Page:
Book Review

April '15

The Secret Wisdom of the Earth (Hardcover)
Christopher Scotton

This debut novel, published 1/6/15, is going to be big, I am sure of it!

The Secret Wisdom of the Earth has already been compared to To Kill a Mockingbird (for its small town aura) Cold Mountain (for its gorgeous descriptions of mountainous nature) and Flight Behavior (for presenting the reader with environmental information in the context of a page turning novel.)  Scotton's writing has been further compared to that of Mark Twain and John Irving!

14 year old Kevin and his mother Anne arrive from Indiana to spend the summer at Anne's father's house in Medgar Kentucky, deep in coal mining country.  Kevin's younger brother died in a tragic accident, and his father hopes that he and his mother will benefit from time away at Anne's childhood home. 

"Pops" , Anne's father, is the revered town veterinarian.  He enlists Kevin as his assistant, taking him in and out of the rural hollers to treat animals of all kinds.  Kevin makes friends with a local boy, Buzzy Fink, who introduces Kevin to swimming holes, hiking trails, and long standing country traditions.  

Pops takes the boys on a ritual two week "tramp" through the mountains, during which time they will live off the land, and fend for themselves.  The three of them face unexpected obstacles on their journey; roles switch as Kevin and Buzzy take their turns as the hero.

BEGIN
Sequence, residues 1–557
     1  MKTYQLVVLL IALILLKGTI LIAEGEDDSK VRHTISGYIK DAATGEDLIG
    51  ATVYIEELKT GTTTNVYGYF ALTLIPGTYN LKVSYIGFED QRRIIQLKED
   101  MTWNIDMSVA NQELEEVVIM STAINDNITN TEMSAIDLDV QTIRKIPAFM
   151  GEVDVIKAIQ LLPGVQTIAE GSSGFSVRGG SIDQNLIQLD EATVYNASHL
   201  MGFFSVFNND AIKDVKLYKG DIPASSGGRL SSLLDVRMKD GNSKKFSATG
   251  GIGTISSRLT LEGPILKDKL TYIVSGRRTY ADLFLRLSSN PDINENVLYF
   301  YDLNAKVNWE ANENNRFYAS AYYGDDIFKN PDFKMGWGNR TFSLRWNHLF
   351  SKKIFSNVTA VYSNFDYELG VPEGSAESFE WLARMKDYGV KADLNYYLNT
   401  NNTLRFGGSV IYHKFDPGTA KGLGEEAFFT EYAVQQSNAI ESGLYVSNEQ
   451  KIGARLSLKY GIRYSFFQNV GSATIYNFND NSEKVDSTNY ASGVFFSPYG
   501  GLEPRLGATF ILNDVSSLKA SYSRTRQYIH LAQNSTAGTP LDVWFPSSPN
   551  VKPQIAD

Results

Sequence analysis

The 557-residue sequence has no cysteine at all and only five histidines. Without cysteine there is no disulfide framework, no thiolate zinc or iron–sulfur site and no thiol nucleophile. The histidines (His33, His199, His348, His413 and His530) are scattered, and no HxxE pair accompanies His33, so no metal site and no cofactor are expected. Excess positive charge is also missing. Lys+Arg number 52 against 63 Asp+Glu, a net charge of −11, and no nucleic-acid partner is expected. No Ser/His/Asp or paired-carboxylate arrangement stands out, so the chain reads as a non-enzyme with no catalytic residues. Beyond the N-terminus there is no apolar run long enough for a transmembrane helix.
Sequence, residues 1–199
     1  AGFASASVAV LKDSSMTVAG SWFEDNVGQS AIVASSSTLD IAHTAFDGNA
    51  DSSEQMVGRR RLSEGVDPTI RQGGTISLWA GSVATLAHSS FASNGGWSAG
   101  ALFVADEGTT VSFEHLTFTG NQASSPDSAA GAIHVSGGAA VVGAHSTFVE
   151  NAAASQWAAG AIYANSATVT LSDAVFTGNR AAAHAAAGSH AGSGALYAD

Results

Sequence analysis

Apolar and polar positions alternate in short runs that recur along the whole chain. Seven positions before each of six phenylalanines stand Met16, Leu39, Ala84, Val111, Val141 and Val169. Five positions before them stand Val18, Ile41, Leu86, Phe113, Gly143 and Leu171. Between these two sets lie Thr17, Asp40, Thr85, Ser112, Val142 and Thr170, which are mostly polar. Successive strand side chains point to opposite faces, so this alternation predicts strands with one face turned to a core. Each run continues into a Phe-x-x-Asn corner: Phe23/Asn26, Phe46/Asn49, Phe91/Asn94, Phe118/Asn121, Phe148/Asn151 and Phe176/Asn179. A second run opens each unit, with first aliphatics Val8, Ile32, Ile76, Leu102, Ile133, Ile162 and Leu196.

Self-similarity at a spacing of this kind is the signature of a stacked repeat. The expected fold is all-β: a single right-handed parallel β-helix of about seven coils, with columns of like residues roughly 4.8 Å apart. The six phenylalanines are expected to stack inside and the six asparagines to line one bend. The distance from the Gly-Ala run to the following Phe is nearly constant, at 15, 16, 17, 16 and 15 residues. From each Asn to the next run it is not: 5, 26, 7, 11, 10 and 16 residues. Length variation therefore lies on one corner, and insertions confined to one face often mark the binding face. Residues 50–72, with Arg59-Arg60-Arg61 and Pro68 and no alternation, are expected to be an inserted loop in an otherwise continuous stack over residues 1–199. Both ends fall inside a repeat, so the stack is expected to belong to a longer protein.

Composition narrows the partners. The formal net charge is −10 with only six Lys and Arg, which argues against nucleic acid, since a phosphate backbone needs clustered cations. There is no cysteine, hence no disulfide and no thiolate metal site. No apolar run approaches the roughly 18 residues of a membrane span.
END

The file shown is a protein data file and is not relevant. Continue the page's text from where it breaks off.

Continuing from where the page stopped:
Several subplots simmer beneath the surface of this coming of age/journey novel.  Mining has long been a source of jobs in Medgar, but the new method of coal mining, which involves literally blowing the tops off of the mountains, has the locals pitted against each other. More jobs to be sure, but at the price of defiling their beautiful natural habitat.  

Set in 1985, the story also addresses the small town resident's attitudes toward homosexuality.  Mr. Paul has grown up among them, and everyone has known that he has a special relationship with his housemate.  When Mr Paul organizes locals in protest against the mountaintop removal of coal, things get ugly, and his personal life is exposed in public.

I recommend this book for so many reasons.  It is old fashioned story telling at its best - the book starts at the beginning of the summer, and ends at the end of the summer without jumping back and forth in time, or using multiple narrative points of view. Christopher Scotton's powers of description are amazing, his characters so real.  I have been telling everyone how much I love this book, and know it will be wonderful for book discussions.